The typical fully-meshed iBGP configuration of routers can become very difficult to manage in large networks. Because of the increasing numbers of iBGP sessions the possibilities of scaling are limited. Therefore, in a large network, the full-mesh requirement for iBGP can be a big challenge.
Route reflection comes to solve the complexity of multiple peering configuration. Route reflection enables sharing of routing information among multiple routers without having to send the exact same information to each of them individually.
iBGP has the restriction of not allowing to redistribute the learned routes to other internal peers. Because of that, the routers should be fully interconnected, hence the full mesh requirement. iBGP neither has any loop prevention mechanism, and this is why you require route reflectors to be setup for large networks. Using the route reflection principle you can designate one or several of your routers as route reflectors. A route reflector is not limited by the re-advertising restriction anymore, allowing it to share routes with other iBGP speakers. You simply establish a BGP session from the route reflector to each internal peer and the iBGP full-mesh requirement is met.
Figure 1 shows the configuration of a single cluster with one route reflector. RR is configured as a route reflector redistributing routes among the connected internal peers.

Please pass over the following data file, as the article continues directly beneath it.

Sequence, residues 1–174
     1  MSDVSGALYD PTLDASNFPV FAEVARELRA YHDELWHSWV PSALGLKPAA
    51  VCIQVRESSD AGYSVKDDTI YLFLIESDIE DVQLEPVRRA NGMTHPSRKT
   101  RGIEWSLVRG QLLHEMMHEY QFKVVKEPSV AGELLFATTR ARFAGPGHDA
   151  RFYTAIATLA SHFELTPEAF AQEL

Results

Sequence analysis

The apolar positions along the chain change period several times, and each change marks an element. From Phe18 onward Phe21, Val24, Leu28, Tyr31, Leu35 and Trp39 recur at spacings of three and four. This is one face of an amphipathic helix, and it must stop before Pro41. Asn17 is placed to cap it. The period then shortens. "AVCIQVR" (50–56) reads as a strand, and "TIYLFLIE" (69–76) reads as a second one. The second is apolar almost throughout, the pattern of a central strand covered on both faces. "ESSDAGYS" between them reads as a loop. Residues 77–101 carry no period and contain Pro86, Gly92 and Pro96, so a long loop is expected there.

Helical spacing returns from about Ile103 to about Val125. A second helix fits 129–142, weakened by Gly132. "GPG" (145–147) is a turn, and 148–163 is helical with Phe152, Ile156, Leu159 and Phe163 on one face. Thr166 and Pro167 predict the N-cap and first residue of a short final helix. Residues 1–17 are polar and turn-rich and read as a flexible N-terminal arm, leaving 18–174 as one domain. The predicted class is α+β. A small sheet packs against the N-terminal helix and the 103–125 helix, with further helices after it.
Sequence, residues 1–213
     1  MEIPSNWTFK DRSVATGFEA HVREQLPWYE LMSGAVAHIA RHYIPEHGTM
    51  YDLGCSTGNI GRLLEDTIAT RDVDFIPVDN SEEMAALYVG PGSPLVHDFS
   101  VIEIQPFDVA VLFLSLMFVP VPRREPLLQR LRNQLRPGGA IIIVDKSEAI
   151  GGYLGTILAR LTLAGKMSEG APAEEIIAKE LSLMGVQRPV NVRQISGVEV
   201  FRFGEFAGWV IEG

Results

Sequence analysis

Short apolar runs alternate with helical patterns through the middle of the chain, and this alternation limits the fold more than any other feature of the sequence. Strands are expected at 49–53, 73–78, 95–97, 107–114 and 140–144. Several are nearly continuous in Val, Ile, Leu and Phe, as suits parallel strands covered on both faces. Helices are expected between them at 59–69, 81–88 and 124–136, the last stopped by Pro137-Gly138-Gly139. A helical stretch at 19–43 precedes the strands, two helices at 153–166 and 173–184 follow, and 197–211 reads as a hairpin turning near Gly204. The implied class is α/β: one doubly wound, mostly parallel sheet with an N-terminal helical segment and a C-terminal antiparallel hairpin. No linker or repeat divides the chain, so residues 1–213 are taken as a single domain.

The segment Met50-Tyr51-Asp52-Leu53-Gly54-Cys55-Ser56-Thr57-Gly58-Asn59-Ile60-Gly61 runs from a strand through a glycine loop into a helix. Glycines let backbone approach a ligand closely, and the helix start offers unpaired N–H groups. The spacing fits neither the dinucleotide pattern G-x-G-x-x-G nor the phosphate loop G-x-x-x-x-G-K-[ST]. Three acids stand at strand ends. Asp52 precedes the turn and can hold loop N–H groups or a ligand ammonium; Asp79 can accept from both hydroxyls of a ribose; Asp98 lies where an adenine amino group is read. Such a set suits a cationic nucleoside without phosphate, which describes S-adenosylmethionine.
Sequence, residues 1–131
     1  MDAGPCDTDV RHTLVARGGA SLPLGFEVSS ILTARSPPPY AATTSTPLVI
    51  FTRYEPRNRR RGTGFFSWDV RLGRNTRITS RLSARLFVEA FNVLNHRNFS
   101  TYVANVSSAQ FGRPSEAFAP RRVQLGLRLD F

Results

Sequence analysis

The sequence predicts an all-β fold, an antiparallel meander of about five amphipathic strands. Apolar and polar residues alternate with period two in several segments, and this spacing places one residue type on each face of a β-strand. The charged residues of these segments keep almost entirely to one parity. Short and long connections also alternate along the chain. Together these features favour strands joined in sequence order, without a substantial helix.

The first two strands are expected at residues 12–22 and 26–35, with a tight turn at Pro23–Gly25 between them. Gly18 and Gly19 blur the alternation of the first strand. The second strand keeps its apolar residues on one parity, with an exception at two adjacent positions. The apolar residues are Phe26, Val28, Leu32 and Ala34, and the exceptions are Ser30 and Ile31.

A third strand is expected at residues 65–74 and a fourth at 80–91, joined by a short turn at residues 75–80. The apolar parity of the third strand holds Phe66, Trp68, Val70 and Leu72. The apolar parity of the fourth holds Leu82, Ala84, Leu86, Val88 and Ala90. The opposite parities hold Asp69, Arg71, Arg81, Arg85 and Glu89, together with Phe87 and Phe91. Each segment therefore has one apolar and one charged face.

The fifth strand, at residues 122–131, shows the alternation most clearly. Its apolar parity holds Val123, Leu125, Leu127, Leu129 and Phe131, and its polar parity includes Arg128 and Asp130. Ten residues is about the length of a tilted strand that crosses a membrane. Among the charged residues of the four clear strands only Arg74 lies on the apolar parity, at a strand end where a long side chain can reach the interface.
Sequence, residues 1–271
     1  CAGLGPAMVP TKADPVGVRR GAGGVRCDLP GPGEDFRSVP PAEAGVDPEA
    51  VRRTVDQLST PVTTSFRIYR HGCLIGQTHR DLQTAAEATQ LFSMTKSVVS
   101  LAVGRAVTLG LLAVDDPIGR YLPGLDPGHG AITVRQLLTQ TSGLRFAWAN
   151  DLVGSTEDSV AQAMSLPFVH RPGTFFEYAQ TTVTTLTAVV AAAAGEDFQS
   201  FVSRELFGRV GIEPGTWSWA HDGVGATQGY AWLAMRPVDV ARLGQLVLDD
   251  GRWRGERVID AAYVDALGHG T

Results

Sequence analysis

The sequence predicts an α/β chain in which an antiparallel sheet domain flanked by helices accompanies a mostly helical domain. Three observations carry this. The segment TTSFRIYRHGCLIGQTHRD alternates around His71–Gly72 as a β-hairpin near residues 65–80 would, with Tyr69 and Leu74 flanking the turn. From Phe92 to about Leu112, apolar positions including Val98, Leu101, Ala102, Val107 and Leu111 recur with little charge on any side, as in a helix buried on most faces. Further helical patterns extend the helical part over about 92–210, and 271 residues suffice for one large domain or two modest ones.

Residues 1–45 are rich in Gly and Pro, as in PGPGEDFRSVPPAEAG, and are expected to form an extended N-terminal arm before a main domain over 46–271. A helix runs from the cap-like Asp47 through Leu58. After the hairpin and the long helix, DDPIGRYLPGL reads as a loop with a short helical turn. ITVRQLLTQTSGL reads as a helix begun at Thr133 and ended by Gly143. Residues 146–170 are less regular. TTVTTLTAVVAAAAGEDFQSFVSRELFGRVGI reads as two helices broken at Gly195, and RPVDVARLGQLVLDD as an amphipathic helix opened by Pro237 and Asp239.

Figure 1: Single cluster route reflector configuration
As shown in Figure 2, you can have multiple clusters with the route reflectors configured as fully meshed internal peers. When a router advertises to RR1, RR1 further distributes the routes to the rest of route reflectors. These, in turn, readvertise the routes to their clients.
Figure 2: Configuration of route reflectors in multiple clusters
In Figure 3, RR2 and RR3 are route reflectors for Cluster 2 and Cluster 3 respectively. Rather than fully mesh these reflectors they can be grouped in a separate cluster for which RR1 will be the route reflector. All the routes advertised to RR2 will be readvertised within Cluster 2 and then, readvertised to RR1. RR1, in turn, distributes the routes among the Level 2 reflectors that further propagate the routes down their clusters.
Figure 3: Hierarchical configuration of route reflectors
As route reflection is a concept frequently used in various network configurations, we have added full support of route reflectors in Noction IRP 2.1. IRP can now announce routing updates to a route reflector that further propagates them to the edge routers. Bellow is a diagram depicting the IRP configuration within a topology that uses route reflection.
Infrastructures with route reflectors in place, be it of any configuration, can now use Noction IRP to reroute traffic across multiple ISPs based on critical performance metrics and achieve considerable reduction in packet loss, latency and network downtime.